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‘I have come that you might have life and have it to the full’ (John 10.10)

At St Bernadette’s we teach Relationships and Sex Education and Health Education (RSHE) precisely because of our Christian beliefs about God and about the human person. The belief in the unique dignity of the human person made in the image and likeness of God underpins the approach to all education in a Catholic school. Our approach to Relationships and Sex Education and Health Education therefore is rooted in the Catholic Church’s teaching of the human person and presented in a positive framework of Christian ideals. 

Using the Catholic programme ‘Life to the Full’ in conjunction with the Diocesan approved programme ‘Come and See’ we are confident that our Relationships and Sex Education and Health Education delivers a curriculum which underpins the Church’s moral teaching and is accessible to all. It ensures that each of our pupils will know more, remember more and understand more about how stay safe, be content and play a positive and successful role within our society, both as a child and as an adult, now and in the future. 

As with all subjects, our curriculum design interrelates different strands of knowledge:

Substantive knowledge represents the Relationships and Sex Education and Health Education content that is taught in each year group. In planning, this knowledge is the content we want pupils to know and remember including topic specific vocabulary. During the course of their RSHE topics, we share significant amounts of substantive knowledge with pupils. As such, ‘Life to the Full’ programmes of study are broken down into smaller building blocks of knowledge and are carefully sequenced across year groups.

In partnership with parents, we aim to provide children with a “positive and prudent sexual education” which is compatible with their physical, cognitive, psychological, and spiritual maturity, and rooted in a Catholic vision of education and the human person.

These will be covered through six themes: religious, personal, social, health, economic and sexual in order to:

Develop the following attitudes and virtues: respect for the dignity of every human being – in their own person and in the person of others; joy in the goodness of the created world and their own bodies; responsibility for one's actions and a recognition of the impact of these on others; recognising and valuing their own sexual identity and that of others; celebrating the gift of life-long love and recognising the importance of marriage and family life;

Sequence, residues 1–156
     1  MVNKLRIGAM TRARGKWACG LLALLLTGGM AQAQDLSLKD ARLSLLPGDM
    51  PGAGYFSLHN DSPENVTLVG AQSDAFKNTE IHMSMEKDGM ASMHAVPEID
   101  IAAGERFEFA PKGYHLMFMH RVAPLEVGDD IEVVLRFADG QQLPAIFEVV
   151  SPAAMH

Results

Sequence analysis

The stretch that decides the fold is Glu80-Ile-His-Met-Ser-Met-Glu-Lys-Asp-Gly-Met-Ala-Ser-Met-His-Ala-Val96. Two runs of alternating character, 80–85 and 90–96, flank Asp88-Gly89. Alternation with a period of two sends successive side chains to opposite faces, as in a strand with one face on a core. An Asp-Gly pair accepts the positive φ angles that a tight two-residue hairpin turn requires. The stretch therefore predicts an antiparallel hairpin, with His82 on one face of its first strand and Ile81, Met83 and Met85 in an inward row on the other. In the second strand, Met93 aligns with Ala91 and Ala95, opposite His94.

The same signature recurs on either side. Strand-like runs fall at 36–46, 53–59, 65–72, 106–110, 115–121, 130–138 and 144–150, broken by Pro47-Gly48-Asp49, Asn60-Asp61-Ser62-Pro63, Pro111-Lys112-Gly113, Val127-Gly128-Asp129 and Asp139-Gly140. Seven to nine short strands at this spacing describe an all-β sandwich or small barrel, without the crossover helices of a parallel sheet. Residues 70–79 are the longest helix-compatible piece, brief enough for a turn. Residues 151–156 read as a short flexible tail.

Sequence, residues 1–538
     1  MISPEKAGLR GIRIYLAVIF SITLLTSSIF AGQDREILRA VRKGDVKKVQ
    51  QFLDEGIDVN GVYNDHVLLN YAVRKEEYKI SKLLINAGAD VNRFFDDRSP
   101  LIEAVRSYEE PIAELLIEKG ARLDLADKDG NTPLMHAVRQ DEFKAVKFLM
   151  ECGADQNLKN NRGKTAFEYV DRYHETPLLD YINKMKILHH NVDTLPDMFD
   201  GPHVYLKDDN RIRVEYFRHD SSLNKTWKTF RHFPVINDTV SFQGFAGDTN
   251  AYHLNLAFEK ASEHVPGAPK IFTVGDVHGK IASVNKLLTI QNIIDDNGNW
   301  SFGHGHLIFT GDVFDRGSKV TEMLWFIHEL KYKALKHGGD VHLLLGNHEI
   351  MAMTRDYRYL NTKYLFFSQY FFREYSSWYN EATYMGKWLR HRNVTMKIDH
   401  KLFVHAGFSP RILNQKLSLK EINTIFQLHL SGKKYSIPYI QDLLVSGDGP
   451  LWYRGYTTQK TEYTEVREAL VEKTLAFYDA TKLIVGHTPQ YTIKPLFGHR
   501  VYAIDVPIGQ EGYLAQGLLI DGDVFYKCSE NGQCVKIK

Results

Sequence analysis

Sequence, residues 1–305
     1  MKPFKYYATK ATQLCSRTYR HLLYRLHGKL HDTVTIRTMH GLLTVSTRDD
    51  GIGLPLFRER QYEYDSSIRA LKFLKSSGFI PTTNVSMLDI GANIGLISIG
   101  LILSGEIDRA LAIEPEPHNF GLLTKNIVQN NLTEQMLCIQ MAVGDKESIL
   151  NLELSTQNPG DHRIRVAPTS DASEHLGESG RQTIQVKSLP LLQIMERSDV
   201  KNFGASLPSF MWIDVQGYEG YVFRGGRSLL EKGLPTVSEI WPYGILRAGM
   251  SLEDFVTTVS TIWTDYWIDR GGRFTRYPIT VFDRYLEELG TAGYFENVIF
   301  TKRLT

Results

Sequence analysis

Develop the following personal and social skills: making sound judgements and good choices; loving and being loved, and the ability to form friendships and loving, stable relationships; managing emotions within relationships including when relationships break down; managing conflict positively, recognising the value of difference; cultivating humility, mercy and compassion, learning to forgive and be forgiven; developing self-esteem and confidence, demonstrating self-respect and empathy for others and  building resilience and the ability to resist unwanted pressures, recognising the influence and impact of the media, Internet and peer groups; 

Develop the following knowledge and understanding: the Church’s teaching on marriage and the importance of marriage and family life; the centrality and importance of virtue in guiding human living and loving; the physical and psychological changes that accompany puberty; the facts about human reproduction, how love is expressed sexually and how sexual love plays an essential and sacred role in procreation; (Parents may withdraw their child from this aspect of the curriculum)

Disciplinary knowledge represents the application of skills which are subject specific. This knowledge is drawn from the ‘Life to the Full’ and National Curriculum programmes of study. It is organised into categories of knowledge and mapped in a vertically integrated progression which ensures opportunities for pupils to build, revisit and deepen their knowledge and understanding.

Assessment in RSHE should be based on more than just knowing facts. We assess the pupils’ ability to apply their knowledge through our clearly defined outcomes at the end of each unit of learning. This provides information on the children’s ability to use and apply new knowledge in a subject specific context.